The Spanish missionary, explorer, and cartographer Eusebio Francisco Kino (1645-1711) was the foremost pioneer in Baja California, Sonora (Mexico), and Arizona and the first to reconnoiter in detail and map accurately large sections of this vast area.
Eusebio Kino was born on Aug. 10, 1645, in Segno, Italy. He attended Jesuit schools, and in 1663, having fallen seriously ill, he vowed that if he recovered with divine aid he would join the Society of Jesus and devote himself to work in foreign missions. Having recovered, he entered the Jesuit novitiate in 1665. During 13 years of additional study in Jesuit institutions, he displayed a special interest and ability in mathematics and geography.
After his requests for a missionary assignment had been repeatedly turned down, Kino and a German companion were accepted for foreign service; one was to go to the Philippines, the other to Mexico. Unwilling to make the choice, the two men cast lots, and the result of this "pious lottery" was that Kino drew Mexico. Because of various mishaps he did not arrive in Mexico until May 1681.
During his stay in Mexico City, Kino published a pamphlet ascribing the character of a portent to the comet of 1680; this provoked a reply from the Mexican scholar Carlos Sigüenza y Góngora, whose Libra astronomica assigned a purely natural origin to the phenomenon. Meanwhile, Kino had left Mexico City to serve as missionary and cartographer on the Atondo expedition to Baja California of 1683. Food shortages and Atondo's rash attack on friendly Indians caused the failure and abandonment of this missionary and colonizing venture.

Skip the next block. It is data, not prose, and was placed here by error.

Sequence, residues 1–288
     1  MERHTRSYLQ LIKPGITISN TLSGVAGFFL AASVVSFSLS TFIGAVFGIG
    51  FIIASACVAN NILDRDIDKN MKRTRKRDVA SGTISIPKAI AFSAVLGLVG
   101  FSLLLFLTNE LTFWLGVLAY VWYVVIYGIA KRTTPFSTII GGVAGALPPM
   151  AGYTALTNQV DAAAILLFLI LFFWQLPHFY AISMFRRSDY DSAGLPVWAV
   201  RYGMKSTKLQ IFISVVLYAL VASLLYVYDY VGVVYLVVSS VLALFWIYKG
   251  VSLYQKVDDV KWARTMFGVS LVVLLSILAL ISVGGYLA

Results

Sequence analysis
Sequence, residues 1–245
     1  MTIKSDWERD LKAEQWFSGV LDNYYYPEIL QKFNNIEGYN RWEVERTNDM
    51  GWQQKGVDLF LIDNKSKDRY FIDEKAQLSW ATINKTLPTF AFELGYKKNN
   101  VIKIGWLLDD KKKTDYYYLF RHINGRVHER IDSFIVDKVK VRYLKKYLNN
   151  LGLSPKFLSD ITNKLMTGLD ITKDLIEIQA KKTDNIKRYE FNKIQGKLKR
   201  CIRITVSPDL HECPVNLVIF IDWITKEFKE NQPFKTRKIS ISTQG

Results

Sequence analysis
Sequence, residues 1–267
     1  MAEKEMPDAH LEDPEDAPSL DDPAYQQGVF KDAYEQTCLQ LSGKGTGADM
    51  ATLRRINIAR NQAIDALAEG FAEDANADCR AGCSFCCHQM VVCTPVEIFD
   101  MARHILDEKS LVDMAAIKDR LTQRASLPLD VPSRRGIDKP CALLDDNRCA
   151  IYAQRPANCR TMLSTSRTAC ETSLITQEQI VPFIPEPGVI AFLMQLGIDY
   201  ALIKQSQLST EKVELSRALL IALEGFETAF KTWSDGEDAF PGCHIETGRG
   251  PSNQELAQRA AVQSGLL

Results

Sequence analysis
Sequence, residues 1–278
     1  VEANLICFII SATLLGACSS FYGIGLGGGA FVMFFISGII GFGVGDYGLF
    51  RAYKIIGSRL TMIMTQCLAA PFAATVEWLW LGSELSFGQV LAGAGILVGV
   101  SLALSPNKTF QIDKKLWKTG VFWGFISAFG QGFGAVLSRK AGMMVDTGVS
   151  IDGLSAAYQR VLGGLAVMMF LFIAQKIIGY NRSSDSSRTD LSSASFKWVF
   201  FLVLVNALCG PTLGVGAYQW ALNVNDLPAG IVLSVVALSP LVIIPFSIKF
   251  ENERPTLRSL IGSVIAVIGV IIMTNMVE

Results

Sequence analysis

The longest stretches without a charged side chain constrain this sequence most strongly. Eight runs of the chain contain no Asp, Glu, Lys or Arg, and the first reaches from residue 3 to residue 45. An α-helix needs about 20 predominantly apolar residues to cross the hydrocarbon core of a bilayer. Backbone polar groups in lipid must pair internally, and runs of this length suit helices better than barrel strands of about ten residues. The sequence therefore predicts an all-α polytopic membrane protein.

In 1687 Kino began the peaceful conquest of the region then called Pimerìa Alta (modern northern Sonora and southern Arizona). This land of deserts and mountains was inhabited by the Pima Indian tribe. From his base at Mission Dolores in the southern part of the region, Kino, assisted by a few coworkers, pushed northward, establishing missions in one river valley after another until his network of missions extended into Arizona as far as the Colorado and Gila rivers. The intense, driving Kino personally baptized some 4,500 Indians; a few years before his death he estimated that he and his colleagues had brought more than 30,000 souls into the Church.
A born planner and organizer, Kino provided a sound economic base for his missions, teaching the Indians not only Christian doctrine but cattle raising and the cultivation of new crops like wheat. He was himself a largescale rancher, supplying livestock both to his own missions and to those in Baja California, to which the Jesuits returned in 1697. The combination of sound economic planning and a broad tolerance for Indian customs was a major reason for Kino's success in his campaign of peaceful conquest.
Kino found time amid his apostolic labors to explore Arizona as far north as the Casa Grande ruins and the Gila River and westward to modern Yuma and the Colorado River. His westward journeys convinced him that California was not an island, as was then commonly supposed. His maps, showing that California could be reached overland from Mexico, prepared the ground for the Spanish 18th-century missionary and colonizing thrust into that area. Kino was a prodigious letter writer; many of these letters, relating his achievements and trials, have been preserved and published. He was also the author of an autobiographic work, Favores celestiales (Kino's Historical Memoir of Pimeria Alta, 1919).
The standard life of Kino is Herbert E. Bolton, Rim of Christendom: A Biography of Eusebio Francisco Kino, Pacific Coast Pioneer (1936). Consult also the comprehensive bibliography by Francis J. Fox, S. J., in Fay J. Smith, John L. Kessell, and Francis J. Fox, Father Kino in Arizona (1966).
Bolton, Herbert Eugene, Rim of Christendom: a biography of Eusebio Francisco Kino, Pacific coast pioneer, Tucson, Ariz.: University of Arizona Press, 1984.
Polzer, Charles W., Kino guide II: a life of Eusebio Francisco Kino, S.J., Arizona's first pioneer and a guide to his missions and monuments, Tucson, Ariz.: Southwestern Mission Research Center, 1982.